NewMarket Corp NEU
Q1 2013 Earnings Call Transcript
Transcript Call Date 04/25/2013

Operator: Greetings and welcome to the NewMarket Corporation First Quarter 2013 Financial Results. At this time, all participants are in a listen-only mode. A question-and-answer session will follow the formal presentation. As a reminder, this conference is being recorded.

It is now my pleasure to introduce your host David Fiorenza, Chief Financial Officer for NewMarket Corporation. Thank you. Mr. Fiorenza, you may begin.

David A. Fiorenza - VP and CFO: Thank you, Doug, and thank you for joining us to discuss our first quarter performance. With me today is our CEO, Teddy Gottwald. We have a few planned comments, after which we'll open the lines for your questions.

As a reminder, some of the comments we will make today are forward-looking statements within the meaning of the Private Securities Litigation Reform Act of 1995. We believe we base our statements on reasonable expectations and assumptions within the bounds of what we know about our business and operations. However, we offer no assurance that actual results will not differ materially from our expectations due to uncertainties and factors that are difficult to predict and beyond our control. A full discussion of these factors can be found in our 2012 10-K. We plan to file our 10-Q before the end of April. It will contain more details on the operations of our company. Please take the time to review it.

I will be referring to the numbers that were included in last night's release.

Net income for the first quarter was $67.8 million or $5.07 a share compared to income of $66.5 million or $4.96 a share for the first quarter last year.

Earnings for both of the quarters include income from an interest rate swap, while the first quarter of last year also includes a charge for the early extinguishment of debt. The impacts of these are detailed on the first page of the press release.

First quarter of this year also includes the benefit of booking five quarters worth of R&D tax credits. You may recall that Congress did not reinstate the R&D tax credit until January of 2013. The reinstatement was retroactive for all of 2012. But we were not allowed to book it in the 2012 results. The full 2012 credit included in our results was about $2.9 million.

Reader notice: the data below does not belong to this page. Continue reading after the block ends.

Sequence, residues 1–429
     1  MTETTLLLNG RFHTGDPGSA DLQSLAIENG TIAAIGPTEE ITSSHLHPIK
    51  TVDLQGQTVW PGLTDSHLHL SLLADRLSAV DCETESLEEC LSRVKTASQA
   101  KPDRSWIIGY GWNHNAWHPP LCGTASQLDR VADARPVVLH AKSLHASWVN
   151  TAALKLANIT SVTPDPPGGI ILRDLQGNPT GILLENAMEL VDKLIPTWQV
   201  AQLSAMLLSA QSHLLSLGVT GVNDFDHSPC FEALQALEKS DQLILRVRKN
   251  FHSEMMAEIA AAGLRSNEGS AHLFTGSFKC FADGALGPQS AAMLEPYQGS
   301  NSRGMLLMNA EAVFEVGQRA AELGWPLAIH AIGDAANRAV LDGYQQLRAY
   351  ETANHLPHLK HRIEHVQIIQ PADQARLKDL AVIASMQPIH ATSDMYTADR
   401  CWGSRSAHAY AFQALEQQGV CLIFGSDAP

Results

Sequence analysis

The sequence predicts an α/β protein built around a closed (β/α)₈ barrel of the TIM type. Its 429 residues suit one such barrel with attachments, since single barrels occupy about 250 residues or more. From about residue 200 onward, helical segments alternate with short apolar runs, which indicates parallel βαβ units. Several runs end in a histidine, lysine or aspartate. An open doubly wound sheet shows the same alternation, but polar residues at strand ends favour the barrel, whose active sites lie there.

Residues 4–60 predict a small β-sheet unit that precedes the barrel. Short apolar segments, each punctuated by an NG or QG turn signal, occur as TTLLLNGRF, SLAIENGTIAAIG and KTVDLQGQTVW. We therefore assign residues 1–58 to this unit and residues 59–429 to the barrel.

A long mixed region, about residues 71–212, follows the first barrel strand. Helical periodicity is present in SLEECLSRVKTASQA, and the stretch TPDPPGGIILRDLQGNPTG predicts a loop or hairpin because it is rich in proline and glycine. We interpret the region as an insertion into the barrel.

When you look at the overall P&L statement for the two quarters, you will notice that they are virtually identical at the revenue and the gross profit levels.

Petroleum additive sales were $558 million compared to $558 million last year. From a regional perspective both Europe and Asia posted slight increases. While North America and Latin America were slightly lower. The changes within each of these regions are not significant. In general they were all essentially flat.

As we often report, the change in revenue was due to the positive impact of lubricant additive sales, offset by lower revenue due to shipments in fuel additives, lower customer price mix and adverse foreign exchange impact.

Turning to additives operating profit at $102 million, exceeded $100 million, for only the second quarter in our history, excluding the quarter when we booked the legal settlement. The only other quarter over $100 million was the first quarter of last year when PA made $107 million. Our operating margin – profit margin for Petroleum Additives was 18.3% for this quarter and for the rolling four quarters, ending this quarter, the operating profit margin was 16.7%. These are all within the range of our expectations of the segment's performance over time.

In the quarterly comparison, total shipments were about even, with higher shipments of lubricant additives offset by lower shipments of fuel additives. Nonetheless, selling increased volumes of higher value products resulted in a favorable impact on gross profit, which was mainly offset by conversion and other costs. As compared to the fourth quarter, or sequentially, our shipments were up 6.5%.

Our GS&A increased about $6 million for the quarter, which explains the lower operating profit compared to last year since gross profit was the same. These increases were planned and are in alignment with our long-term business plans. The increases were about the same for S&A and R&D. During the quarter, we repurchased 90,000 shares of our stock at an average price of $253.61 a share. We ended the quarter with 13.3 million shares outstanding. We have about $227 million remaining on our repurchase authorization which is good until the end of 2014. We had our new debt structure in place for the entire quarter. The interest expense posted for the quarter will be similar for future quarters, but the exception of whatever the interest associated with the revolver borrowing will be.

Cash at the end of the quarter was $64 million which is a decrease of $25 million from the beginning of the year. Cash flows provided from operating activities for three months for $27 million which included a decrease of cash of $55.7 million, due to higher working capital levels. From a high level, the main driver of the increase in working capital was accounts receivable. There were other plusses and minuses but accounts receivable was the main impact.